Brad and I had some really good trips with a guide on the river.  Brandon came for one of them as well.  Using a guide on this river, or any river for that matter, greatly enhances the chances of catching fish.  We had great guy time, caught fish, and made memories, at least for me.  I think they remember too.  The first trip Brad and I made was one of those really hard days on the Yak.  Days that make you think you know nothing about catching fish on a fly.  I have had lots of them but Brad hadn’t and was a little frustrated that even a guide couldn’t have him in fish all day long.  The next time we went, he did.  I would love to fish with the guys more, but at this point in their lives it is pretty hard to find time.  Good memories of great times with great sons.

I have fished with a lot of people who fished hard but none harder then Glen Keeffe.  He is the most tenacious fisherman I have ever been around.  He was new to fly fishing when we started going together but he picked it up really fast and often caught more fish then me.  We had one really great day with our pontoons, standing in deep water all day, catching big fish and lots of them.  He was not afraid to get into positions I found a little too scary but he didn’t seem to mind and so he was rewarded with some good fish.  He fishes hard and fast and I had trouble keeping up. I thought I was teaching him!  I miss fishing with him, too.

They shall speak of the memory of your great goodness, and shall sing of your righteousness. (Psalm 145:7)

My days on the Yakima River are full of wonderful memories of the Father’s goodness.  Re-creation and relationships are perhaps the best gifts the Father has given to me.  It saddens me that some of the men with whom I fished I no longer have a relationship with, but I am expecting one day the Father will restore them. 

If you like to fish, ski,  paint, run, play music or whatever, invite someone along and build a friendship and a partner in the pursuit of God’s goodness.  Memories are waiting.


Entry filed under: Culture, Faith, Family, Fly-Fishing, Friendship, Northwest, Thoughts.

Thoughts that make me go “hmmm”. The River of Life.

6 Comments Add your own

  • 1. Kenan Butler  |  July 3, 2007 at 7:23 am

    I remember that trip very well and catching that white fish was great and a bummer at the same time. It was really cool to catch something on my first trip, but I wanted it to be something better than a whitefish. I miss Mr. Carver he was a good man that is missed everyday by many people. And yes Don Knox still seizes life everyday like a drowning man grabs a life preserver. Good Post

  • 2. Royal  |  June 28, 2007 at 10:35 pm

    This post really struck a chord with me and sent a bunch of memories that I have not thought of in a long while flooding back in like the tide. I have been fishing the waters of the world for 25 years, and I have fished with many people. Some of them are still on my list of fishing partners, some of them are not, and some are fishing the great waters in Heaven. There is nothing more rewarding to me than putting a rookie on thier first fish. The excitement, exhiliration, and exuberance that they ooze is intoxicating. I remember when my wife caught her first Steelhead, Silver, Chinook, and Harvest Trout. All separate days, all just as gratifying. I hope that when God takes me that I am in the middle of battling one of his greatest creations. I also wish that one day Greg and I will actually get to go fishing together, we have talked about it, made plans, but never made it. By the way Greg, Western Washington is full of rivers that are packed with fish. You just need to know how to fish for fish that are a little larger than trout.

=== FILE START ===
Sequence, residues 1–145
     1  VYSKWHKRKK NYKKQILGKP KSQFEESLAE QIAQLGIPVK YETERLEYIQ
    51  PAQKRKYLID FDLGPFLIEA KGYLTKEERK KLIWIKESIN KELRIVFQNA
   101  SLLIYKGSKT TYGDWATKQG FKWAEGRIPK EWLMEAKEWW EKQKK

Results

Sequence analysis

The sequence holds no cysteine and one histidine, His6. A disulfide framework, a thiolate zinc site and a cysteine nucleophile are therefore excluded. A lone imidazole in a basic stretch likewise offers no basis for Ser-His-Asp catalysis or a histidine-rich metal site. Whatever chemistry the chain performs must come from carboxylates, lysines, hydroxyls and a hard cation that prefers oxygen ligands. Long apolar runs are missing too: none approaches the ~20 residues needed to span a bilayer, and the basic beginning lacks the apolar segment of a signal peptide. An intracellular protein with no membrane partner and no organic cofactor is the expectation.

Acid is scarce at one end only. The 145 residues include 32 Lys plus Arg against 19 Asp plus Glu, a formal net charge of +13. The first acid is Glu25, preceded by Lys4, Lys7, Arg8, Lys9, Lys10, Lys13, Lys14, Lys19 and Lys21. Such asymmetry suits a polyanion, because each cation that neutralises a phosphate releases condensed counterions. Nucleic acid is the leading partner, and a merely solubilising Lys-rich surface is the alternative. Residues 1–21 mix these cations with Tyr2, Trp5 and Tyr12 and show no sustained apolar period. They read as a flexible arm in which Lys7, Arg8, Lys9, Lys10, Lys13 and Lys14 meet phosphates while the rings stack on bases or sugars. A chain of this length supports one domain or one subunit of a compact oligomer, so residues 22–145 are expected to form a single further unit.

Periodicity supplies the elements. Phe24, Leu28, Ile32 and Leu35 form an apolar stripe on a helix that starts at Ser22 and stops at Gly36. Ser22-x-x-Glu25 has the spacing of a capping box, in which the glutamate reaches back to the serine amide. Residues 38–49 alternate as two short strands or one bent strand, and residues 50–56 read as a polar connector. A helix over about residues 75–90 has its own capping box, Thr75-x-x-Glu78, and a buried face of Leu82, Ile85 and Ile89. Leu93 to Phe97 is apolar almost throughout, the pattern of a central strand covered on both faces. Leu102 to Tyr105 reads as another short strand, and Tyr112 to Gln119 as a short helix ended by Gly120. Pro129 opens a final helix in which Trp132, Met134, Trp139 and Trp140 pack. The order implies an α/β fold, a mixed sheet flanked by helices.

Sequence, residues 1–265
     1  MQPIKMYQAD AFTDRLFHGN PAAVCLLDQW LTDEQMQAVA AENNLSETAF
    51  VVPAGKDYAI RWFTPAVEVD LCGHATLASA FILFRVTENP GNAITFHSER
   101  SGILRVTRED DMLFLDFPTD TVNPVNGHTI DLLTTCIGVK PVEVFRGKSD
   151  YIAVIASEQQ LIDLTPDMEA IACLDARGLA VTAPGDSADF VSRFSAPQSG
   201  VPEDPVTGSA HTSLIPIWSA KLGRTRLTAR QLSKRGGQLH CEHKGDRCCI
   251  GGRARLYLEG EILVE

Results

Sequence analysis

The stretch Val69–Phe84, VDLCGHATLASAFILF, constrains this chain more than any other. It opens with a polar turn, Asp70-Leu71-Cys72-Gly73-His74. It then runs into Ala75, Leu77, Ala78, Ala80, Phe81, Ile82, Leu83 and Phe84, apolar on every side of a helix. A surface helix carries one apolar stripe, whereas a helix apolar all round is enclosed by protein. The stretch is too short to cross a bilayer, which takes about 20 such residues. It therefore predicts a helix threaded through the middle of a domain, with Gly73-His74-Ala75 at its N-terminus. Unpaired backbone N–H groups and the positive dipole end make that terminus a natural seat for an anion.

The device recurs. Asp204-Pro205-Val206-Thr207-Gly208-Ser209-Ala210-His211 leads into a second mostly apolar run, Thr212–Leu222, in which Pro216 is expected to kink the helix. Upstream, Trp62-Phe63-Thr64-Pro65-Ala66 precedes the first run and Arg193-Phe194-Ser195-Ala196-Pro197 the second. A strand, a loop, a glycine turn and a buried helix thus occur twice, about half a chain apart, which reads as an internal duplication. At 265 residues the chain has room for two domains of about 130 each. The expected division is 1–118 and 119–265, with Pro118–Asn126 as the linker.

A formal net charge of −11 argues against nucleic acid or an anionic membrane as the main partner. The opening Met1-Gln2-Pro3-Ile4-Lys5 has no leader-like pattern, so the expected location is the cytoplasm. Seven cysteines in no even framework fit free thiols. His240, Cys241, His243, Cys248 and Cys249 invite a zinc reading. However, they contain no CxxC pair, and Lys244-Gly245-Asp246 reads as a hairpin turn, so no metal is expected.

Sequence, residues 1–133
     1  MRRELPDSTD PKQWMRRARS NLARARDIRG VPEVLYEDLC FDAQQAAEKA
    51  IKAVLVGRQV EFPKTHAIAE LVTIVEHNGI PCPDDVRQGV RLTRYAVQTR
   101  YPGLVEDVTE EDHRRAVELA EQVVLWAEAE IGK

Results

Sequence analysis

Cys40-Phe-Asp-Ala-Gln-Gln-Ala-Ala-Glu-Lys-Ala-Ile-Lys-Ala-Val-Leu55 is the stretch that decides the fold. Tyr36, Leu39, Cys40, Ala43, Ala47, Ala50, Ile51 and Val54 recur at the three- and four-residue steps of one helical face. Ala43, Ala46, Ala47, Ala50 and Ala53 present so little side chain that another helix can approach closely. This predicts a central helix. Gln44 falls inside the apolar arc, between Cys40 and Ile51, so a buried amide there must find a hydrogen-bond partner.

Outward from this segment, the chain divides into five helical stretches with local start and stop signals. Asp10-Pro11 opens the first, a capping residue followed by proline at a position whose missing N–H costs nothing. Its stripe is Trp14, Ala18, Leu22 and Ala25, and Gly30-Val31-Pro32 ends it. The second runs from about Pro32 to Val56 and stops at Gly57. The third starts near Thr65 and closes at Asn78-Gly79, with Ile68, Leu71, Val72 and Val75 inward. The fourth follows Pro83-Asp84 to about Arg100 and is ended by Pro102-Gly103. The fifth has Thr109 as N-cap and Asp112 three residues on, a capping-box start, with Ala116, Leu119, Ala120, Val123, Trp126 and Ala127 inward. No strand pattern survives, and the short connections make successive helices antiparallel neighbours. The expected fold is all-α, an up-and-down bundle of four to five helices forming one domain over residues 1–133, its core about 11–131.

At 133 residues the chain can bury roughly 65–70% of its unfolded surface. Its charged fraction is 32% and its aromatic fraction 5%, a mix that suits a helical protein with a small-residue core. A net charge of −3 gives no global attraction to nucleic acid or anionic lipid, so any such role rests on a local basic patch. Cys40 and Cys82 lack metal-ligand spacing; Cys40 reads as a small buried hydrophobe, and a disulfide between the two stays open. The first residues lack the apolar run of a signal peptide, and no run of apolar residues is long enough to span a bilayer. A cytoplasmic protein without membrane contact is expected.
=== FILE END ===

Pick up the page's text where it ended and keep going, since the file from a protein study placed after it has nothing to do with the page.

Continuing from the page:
• 3. Kasey  |  June 28, 2007 at 7:49 pm

    I always wanted to fish with you. My name should have been on this list. . .and maybe it will be someday.

  • 4. Mike S  |  June 28, 2007 at 7:44 pm

    we leave Saturday for one of your favorite Wyoming places. Wish you were joining us as we had planned. Hope you are not upset with me for bringing this up.
    I remember the time we took our kids over on the tongue; when Justin and I found a cow and her calf in the place we had hoped to go. The big herd we saw every day on the way over to the Tongue.
    I remember most the time we had there two years ago. Fishing makes memories.
    I even remember Dad taking us up Shell Canyon and we are catching almost nothing and we don’t know until the end of the day that he has a bunch in his creel.
    Have fun; glad you are fishing.

  • 5. BS  |  June 28, 2007 at 3:33 pm

    the best memories i have of fly-fishing are in wyoming…
    in fact, the best memories of fishing period are in wyoming.
    you remember that one little creek up in the big horns where paul and i would just dangle a worm or just a hook and would catch some crazy little brookies?
    and the the sawmill lakes where you caught that huge rainbow?
    i remember paul and i thinking you were the coolest dad in the world.
    one of things i respect most about you, dad, is the fact that you CAN fish and you are dang good at it.
    i haven’ met a better fly-fisherman [well maybe i have but i don’t remember them] than you and am greatful and thankful for ALL of our times fishing…on whatever river/lake/stream/creek we were on.
    thanks for those memories, dad!

  • 6. Doug Wright  |  June 28, 2007 at 1:22 pm

    It is nice to read a passionate text that brings similar memories. Thanks for the glance into the pond of memory.